• なんなのその書きぶり。。。

      Yeah it’s the same timing here in the US. I’m not planning to go out of my way to cram for it, but I do want to attempt the N1 just to see how I do. Besides, who doesn’t want a shiny certificate? =)

    • I feel you on this. For years, I kept telling myself to just take the test. But every year, just the thought of doing it sounded so pointless to me personally. I even tried to convince myself I’d use the test experience solely to write a series of articles on Jalup on taking the JLPT. But my desire is so close to 0, it gets postponed every year.

      Like Silwing says, for people that want to and like taking the test (for self measuring progress), I think it’s great. For people that need it because the employer in Japan is asking for it, or it helps with their visa, of course go for it.

      But for people who don’t want it, and don’t need it… well you know.

    • I’m taking the N1 in July. Long story short I’m doing half my postgraduate study at home and applying to do the other half in Japan, so it’s a huge bonus to have (especially for academic scholarships).

      I’ve basically gone through the kanzen series just doing all the practice exercises. I haven’t read any of them cover to cover- just the stuff I got wrong in the practices (which I then added to Anki).

      Now it’s closer I’m just doing a full practice test per week to work on time management/ concentration.

      Obviously I’m doing all the usual jalup stuff alongside this as well.

  4. Grammar is a “have to” that I avoided for a very long time.

    In the end I signed up for an evening class at SOAS. To keep up with the class I had to study the grammar. And I’m the kind of person that refuses to miss a class I’ve paid for and refuses to be bottom of the class.

    So that got me to the level where I could pick through kids (5+ XD) books and manga without having to look up every new conjugation for words I would’ve known otherwise. And reading fluency is what I want, so my reading has been climbing steadily since then.

    Lessons, the JLPT etc, they’re all tools to force me to pull out my sword and start hack n slashing my way through the “have to” monsters in the way to what I want.

    The J-J boss can take a hike for now though. I just burnt my latest J-J deck, again (60 cards in it, one a day). It had gotten easier than the time before, but… it’s not holding me back yet. I’m missing chuncks of nuance, but I remember rereading books in English and picking up on things I wouldn’t have gotten a few years earlier. Eventually something spells it out clearly enough that you get it XD.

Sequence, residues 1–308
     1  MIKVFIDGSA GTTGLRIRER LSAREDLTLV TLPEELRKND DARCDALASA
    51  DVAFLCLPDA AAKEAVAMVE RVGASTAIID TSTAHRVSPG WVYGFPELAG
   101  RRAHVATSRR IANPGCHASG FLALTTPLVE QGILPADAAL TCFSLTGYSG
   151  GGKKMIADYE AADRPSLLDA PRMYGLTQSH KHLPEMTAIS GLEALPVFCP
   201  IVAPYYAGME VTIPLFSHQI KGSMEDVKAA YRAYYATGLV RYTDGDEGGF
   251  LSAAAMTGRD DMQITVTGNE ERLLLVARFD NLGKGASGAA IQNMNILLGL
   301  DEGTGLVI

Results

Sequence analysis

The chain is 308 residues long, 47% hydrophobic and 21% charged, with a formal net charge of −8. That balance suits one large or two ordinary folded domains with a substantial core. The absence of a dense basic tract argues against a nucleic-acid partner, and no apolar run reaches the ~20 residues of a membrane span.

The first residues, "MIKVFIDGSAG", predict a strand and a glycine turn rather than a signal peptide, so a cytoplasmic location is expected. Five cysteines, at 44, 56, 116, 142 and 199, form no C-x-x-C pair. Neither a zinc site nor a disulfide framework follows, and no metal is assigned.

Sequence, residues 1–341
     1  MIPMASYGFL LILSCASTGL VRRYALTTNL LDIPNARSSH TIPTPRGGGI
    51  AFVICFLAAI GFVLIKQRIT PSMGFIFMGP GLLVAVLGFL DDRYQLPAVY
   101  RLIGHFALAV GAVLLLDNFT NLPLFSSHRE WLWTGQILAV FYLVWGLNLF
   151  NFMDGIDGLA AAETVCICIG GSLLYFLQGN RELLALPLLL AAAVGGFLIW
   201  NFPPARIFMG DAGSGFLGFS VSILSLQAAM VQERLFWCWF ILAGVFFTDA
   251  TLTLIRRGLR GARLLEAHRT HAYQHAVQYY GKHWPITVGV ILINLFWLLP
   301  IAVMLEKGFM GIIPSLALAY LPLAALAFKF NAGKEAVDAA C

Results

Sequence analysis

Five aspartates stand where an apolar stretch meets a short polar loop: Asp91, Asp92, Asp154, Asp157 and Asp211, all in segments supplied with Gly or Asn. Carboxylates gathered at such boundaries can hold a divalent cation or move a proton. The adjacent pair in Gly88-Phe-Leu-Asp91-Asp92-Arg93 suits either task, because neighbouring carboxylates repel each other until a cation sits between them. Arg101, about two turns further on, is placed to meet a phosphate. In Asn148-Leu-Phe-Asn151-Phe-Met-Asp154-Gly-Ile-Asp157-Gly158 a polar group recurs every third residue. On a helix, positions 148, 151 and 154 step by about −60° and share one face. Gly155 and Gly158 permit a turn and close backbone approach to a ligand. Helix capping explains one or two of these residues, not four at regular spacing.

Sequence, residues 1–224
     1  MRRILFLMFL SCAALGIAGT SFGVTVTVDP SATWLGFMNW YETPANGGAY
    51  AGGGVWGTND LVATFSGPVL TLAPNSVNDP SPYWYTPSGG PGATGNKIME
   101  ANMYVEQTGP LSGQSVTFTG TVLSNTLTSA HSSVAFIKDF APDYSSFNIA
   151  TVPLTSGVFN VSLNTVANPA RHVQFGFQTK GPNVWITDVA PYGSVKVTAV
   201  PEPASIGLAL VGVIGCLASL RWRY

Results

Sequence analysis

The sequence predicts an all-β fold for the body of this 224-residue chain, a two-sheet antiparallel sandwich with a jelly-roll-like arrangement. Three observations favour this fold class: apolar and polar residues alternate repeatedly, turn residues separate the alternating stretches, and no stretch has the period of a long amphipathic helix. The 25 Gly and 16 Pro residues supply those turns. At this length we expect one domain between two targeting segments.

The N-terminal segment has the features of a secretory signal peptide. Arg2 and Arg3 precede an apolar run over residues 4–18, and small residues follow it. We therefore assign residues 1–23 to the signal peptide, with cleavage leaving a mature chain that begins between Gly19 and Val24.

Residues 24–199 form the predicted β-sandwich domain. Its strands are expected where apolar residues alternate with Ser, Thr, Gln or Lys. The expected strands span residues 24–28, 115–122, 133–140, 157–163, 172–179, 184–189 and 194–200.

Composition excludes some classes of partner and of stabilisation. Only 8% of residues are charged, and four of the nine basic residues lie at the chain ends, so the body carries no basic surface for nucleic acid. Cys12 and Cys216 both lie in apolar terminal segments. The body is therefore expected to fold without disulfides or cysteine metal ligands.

• I’ll be back to J-J, I’ve got a couple of experimental J-E anki decks in the forge to test out what I’ve learned from this pass. In a month or so they’ll be old enough to see what works.

        Until then, I have a shelf full of manga and kids novels to be occupied with.

  5. So true. I’ve been studying with Genki II and while, in general, I like doing the practice, I’ve moved from being a perfectionist to only doing what I want to work on. Helps with motivation and I move quickly onto the things I want to do (manga/anime/games).

    • That’s the way to do it. Even good textbooks can drag you down if you feel like you have to master everything before you move on.

  6. I chucked the “learning lots of vocab” bit. When a word comes up in an anime or book, I look it up and likely remember it. Eventually with enough native material I won’t need to look stuff up mostly, so goodbye vocab focus. If I understand the structure/grammar of a sentence that makes me feel a lot better anyhow, because I can always look up words.

    I kept “learn lots and lots of kanji” because I LOVE kanji. And you end up accidentally learning vocab that way anyhow.

    • Sounds like a good move if that was weighing you down. Vocabulary does tend to stick well when you pull it from something that you are enjoying doing (like watching a TV show).

  7. I am letting go of “having” to do everything at once. My strength is as a reader and at this early stage, I need to stay within that comfort zone. So I have let myself bracket conversational skills for now.

    • I think a lot of people face the “everything at once” feeling and it’s completely fine to split off conversations for later. Especially if you are enjoying reading now.

      • I guess I must be enjoying (my version of) reading, since I keep doing it, no matter how frustrated it makes me at times. It’s like being a cryptologist. 😊

  8. Out of interest is there much of a difference between the slang of high school and university students?

    • That would depend heavily on the type and level of the high school and university. But younger people tend to use more new and wild slang, and use it less as they grow older.